By filling this enforcement gap, FEPA is expected to serve as a natural complement to the FCPA’s historic successes in charging companies and individuals around the world with bribery offenses. Its enactment also confirms a shift away from comity concerns about the application of US laws to foreign officials. In excluding the foreign officials who accept bribes from FCPA liability, Congress had originally considered the “inherent jurisdictional, enforcement, and diplomatic difficulties” raised by the prosecution of non-citizens, and the fact that foreign nations may themselves prohibit the receipt of a bribe by an official.5 FEPA brings US law in line with the Department of Justice’s focus on individual accountability for bribery offenses, which, for a number of years now, has seen the Department actively pursue individual foreign government officials for their role in bribery schemes under other federal laws, including the federal money laundering statutes, mail and wire fraud statutes and the Travel Act.

DOJ has used money laundering statutes in particular to pursue individual officials in a number of high profile FCPA cases. This includes, for example, the conviction of the former Minister of Mines of the Republic of Guinea for laundering approximately $3.9 million in bribes through US bank accounts. The US government has also used sanctions to target foreign officials involved in corrupt activities, including, for example, the Global Magnitsky Sanctions program, which allows the Department of Treasury to sanction persons determined, among other things, to have directly or indirectly engaged in certain corrupt acts anywhere in the world.

With the establishment of a long-missing statutory counterpart that directly addresses the “demand side” of foreign bribery, the US government continues to build upon these efforts, and the Department of Justice adds another, more targeted tool to its existing arsenal for pursuing individual accountability in foreign bribery cases. Earlier this year, Senator Sheldon Whitehouse stated that the bill “send[s] a clear message” to “international kleptocrats and criminals seizing any and every opportunity to extort American businesses and undermine our national security,” that “demanding a bribe from American companies will not be tolerated.”6

As enforcement under FEPA takes shape in the coming years, it can still expect to face jurisdictional challenges in targeting foreign officials who remain beyond the reach of a US courtroom, as well as potentially complex political and diplomatic repercussions from pursuing foreign officials. While all global companies should be alert to developments under FEPA, state-owned or -controlled entities and foreign government instrumentalities doing business with the United States, and all US companies that do business with such entities, should be particularly focused on how FEPA may impact their enforcement risks and compliance program controls going forward.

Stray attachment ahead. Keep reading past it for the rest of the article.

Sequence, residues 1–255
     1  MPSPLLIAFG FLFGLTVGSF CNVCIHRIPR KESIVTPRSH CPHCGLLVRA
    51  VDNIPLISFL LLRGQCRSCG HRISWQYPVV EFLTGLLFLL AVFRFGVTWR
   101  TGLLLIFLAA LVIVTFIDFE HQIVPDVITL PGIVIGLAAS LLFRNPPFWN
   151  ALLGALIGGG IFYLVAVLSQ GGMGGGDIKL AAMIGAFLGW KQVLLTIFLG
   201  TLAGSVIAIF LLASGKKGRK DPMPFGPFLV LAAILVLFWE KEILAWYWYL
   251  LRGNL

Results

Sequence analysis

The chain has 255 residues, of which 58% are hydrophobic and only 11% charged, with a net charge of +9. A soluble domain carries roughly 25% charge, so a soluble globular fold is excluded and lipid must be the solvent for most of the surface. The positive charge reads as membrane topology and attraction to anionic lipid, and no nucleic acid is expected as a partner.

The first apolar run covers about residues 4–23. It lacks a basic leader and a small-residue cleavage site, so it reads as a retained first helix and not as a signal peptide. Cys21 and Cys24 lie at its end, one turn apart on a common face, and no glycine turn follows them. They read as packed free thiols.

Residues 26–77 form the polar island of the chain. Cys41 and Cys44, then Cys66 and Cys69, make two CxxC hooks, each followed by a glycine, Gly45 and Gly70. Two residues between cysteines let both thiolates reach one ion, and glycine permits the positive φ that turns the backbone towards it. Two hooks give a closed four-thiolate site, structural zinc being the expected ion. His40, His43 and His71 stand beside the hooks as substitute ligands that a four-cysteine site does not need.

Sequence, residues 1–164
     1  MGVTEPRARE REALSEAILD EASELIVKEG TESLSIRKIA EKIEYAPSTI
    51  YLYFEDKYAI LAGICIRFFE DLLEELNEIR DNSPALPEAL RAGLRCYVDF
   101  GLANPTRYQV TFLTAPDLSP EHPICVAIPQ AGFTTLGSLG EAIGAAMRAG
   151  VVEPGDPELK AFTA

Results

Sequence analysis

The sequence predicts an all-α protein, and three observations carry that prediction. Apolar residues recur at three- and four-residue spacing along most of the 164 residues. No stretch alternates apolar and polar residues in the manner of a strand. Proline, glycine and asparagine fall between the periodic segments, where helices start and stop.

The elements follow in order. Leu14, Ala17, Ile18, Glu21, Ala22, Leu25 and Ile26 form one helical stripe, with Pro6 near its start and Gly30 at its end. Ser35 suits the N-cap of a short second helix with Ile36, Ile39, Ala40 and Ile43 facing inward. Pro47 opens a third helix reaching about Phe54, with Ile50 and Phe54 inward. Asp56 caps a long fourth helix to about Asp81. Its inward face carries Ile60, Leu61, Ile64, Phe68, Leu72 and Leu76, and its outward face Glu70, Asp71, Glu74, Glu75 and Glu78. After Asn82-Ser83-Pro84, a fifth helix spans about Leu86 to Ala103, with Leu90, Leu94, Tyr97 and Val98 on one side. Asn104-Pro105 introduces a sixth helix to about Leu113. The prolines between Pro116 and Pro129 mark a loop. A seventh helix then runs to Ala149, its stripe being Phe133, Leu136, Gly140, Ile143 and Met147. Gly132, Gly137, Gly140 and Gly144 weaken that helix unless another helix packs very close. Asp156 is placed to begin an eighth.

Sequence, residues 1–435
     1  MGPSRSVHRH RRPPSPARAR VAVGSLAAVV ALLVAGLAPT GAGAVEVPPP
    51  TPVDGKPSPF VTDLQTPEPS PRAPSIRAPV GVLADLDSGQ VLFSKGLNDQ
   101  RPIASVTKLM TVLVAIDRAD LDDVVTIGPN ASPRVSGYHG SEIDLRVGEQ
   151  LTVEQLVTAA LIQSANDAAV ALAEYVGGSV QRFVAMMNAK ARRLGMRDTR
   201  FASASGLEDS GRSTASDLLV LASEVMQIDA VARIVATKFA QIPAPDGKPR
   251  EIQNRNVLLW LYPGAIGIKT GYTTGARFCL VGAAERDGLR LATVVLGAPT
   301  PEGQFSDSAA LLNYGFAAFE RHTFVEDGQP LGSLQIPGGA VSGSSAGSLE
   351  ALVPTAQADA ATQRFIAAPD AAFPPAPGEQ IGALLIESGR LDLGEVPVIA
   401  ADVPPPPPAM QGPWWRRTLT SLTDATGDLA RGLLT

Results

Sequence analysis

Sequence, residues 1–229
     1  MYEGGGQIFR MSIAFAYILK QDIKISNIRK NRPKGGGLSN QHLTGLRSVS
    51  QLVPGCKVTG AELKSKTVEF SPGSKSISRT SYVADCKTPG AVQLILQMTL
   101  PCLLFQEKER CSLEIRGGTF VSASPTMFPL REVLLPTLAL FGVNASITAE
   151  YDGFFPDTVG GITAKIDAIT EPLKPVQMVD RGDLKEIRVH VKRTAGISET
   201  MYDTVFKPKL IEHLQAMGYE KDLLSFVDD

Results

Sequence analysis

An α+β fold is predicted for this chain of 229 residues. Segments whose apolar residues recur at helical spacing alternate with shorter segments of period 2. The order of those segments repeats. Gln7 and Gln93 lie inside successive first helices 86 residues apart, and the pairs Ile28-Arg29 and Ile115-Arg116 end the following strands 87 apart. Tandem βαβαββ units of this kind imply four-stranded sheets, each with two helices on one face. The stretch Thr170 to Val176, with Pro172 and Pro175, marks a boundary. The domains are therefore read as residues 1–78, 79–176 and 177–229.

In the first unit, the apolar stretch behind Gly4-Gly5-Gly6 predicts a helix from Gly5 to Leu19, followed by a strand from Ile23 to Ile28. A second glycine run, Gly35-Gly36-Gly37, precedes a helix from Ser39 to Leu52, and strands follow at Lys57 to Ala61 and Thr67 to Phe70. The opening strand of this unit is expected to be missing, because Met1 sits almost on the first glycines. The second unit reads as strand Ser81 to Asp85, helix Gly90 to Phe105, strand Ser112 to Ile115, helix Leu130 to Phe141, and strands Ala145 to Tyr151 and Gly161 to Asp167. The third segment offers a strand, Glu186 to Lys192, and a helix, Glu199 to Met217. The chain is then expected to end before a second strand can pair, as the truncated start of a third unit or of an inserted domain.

1 The text of the bill is available here:

2 See our earlier Legal Update on the Biden Administration’s US Strategy on Countering Global Corruption here:

3 752 F.3d 912 (11th Cir. 2014).

4 In at least one respect, FEPA’s “foreign official” definition is narrower than the FCPA’s. The latter includes candidates for foreign political office, see, e.g., 15 U.S.C. § 78dd-1(a)(2), while the former does not. This omission may not make much difference in practice, both because we are unaware of an FCPA enforcement action focused on bribes made solely to a candidate rather than an officeholder, and because the broad definition of a “senior foreign political figure” included in FEPA’s definition may sweep in at least some candidates for foreign political office.

5 United States v. Castle, 925 F.2d 831, 835 (5th Cir.1991), citing legislative history.

6 Senator Sheldon Whitehouse, "Whitehouse, Tillis Applaud Senate Passage of Bipartisan Foreign Extortion Prevention Act" (Jul. 28, 2023), available at

Stay Up To Date With Our Insights

See how we use a multidisciplinary, integrated approach to meet our clients' needs.